A small earthquake was detected under the sea floor off the North Shore Tuesday night, officials said.
The 2.2-magnitude quake happened about 30 miles east of Rockport, according to the US Geological Survey.
“The earthquakes are happening in the rock,” said John Ebel, a researcher at the Weston Observatory at Boston College, which studies geophysical science.
“The rock doesn’t care if there’s water on top of it or not,” he said. “We say it’s offshore, but the rock doesn’t care where it wants to crack.”
USGS said the quake happened at about 10:30 p.m. Tuesday and was centered 6 miles below the surface.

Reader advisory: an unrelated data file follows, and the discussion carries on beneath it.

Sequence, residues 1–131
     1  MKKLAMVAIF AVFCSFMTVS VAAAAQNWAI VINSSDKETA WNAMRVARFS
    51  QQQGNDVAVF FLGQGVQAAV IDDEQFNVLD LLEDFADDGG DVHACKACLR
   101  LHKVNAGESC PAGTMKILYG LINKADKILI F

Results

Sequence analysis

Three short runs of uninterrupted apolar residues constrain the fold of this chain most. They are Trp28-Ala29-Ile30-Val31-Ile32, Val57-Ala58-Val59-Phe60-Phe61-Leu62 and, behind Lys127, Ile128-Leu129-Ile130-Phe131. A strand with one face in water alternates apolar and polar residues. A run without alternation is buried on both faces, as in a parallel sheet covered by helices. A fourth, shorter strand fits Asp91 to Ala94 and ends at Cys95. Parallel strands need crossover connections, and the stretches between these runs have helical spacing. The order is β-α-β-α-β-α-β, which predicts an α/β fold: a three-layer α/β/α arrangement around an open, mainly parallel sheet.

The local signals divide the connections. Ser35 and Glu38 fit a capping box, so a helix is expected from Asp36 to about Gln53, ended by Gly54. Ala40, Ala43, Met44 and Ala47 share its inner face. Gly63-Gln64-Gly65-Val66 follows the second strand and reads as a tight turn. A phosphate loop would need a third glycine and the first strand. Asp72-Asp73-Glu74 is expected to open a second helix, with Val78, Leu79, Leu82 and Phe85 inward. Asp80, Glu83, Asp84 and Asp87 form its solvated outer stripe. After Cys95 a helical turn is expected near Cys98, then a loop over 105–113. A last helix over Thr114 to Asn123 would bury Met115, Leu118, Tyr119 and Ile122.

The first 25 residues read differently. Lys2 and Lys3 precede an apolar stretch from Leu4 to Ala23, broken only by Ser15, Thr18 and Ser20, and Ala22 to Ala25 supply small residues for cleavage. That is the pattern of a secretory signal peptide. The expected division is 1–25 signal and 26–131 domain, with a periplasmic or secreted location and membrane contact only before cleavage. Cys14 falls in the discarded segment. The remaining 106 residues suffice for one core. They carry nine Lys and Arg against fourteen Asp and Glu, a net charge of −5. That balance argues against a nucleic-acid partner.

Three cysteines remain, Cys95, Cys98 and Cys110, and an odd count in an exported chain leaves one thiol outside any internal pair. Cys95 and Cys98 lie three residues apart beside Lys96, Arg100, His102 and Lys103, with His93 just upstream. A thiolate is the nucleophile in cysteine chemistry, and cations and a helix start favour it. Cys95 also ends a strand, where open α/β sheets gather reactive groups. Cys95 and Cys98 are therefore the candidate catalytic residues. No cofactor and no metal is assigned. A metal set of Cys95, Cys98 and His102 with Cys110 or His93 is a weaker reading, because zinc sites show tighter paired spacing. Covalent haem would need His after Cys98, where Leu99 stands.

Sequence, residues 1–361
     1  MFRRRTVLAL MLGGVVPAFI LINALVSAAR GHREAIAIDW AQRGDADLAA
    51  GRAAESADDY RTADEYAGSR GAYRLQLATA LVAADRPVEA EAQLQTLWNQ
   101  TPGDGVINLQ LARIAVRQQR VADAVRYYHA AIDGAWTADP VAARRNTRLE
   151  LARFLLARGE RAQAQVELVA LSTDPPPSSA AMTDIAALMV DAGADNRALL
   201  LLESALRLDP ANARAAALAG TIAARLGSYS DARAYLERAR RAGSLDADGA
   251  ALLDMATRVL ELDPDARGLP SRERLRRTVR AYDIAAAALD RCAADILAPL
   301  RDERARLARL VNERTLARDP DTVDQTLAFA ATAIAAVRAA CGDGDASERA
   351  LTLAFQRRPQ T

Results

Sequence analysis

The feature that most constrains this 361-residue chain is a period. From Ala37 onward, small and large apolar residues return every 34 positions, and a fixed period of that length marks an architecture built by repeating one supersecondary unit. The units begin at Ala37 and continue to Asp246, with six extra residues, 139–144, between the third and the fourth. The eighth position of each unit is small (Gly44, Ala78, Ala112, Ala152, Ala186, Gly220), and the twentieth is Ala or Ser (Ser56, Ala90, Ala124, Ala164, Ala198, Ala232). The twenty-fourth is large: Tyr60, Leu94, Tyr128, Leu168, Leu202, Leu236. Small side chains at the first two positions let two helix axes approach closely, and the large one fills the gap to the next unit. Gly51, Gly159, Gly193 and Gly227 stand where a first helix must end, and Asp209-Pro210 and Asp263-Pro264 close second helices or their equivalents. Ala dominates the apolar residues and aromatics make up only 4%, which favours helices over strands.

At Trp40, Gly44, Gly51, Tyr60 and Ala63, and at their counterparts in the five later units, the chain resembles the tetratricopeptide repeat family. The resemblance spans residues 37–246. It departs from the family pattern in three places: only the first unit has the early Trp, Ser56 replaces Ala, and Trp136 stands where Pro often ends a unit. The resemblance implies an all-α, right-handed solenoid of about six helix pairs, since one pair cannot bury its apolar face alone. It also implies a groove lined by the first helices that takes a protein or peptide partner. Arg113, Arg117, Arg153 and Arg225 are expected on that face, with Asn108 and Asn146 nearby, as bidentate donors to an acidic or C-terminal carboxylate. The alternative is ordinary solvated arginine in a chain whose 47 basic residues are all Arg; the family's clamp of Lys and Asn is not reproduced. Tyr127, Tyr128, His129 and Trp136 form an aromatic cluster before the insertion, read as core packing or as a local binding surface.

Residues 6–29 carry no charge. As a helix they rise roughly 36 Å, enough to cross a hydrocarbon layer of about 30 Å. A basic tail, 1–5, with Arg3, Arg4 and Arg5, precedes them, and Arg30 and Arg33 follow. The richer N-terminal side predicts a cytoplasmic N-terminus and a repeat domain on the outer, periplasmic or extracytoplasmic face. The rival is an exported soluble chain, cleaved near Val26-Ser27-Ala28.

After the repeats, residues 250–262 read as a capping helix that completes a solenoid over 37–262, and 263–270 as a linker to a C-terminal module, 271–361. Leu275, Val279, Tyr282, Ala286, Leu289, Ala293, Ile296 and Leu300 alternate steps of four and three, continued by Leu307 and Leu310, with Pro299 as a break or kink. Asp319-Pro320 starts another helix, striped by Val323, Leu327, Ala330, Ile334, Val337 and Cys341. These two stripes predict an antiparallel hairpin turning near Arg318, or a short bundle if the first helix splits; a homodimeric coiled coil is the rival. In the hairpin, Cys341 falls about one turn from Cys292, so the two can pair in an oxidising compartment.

Rockport and Gloucester police said the departments did not receive any reports from residents who said they felt the temblor.
“Some may have not known there was a quake,” Ebel said. “The odds of feeling it are low, but not impossible.”
It is more likely to have smaller magnitude earthquakes than larger ones, Ebel said. A 2-magnitude quake will happen a few times a year while a 1-magnitude quake may occur a couple of times a month, he said.
Earlier Tuesday, there was a quake near Franconia, N.H. The quake was originally graded a 1.5, but the USGS said Wednesday it was a 2.0-magnitude quake.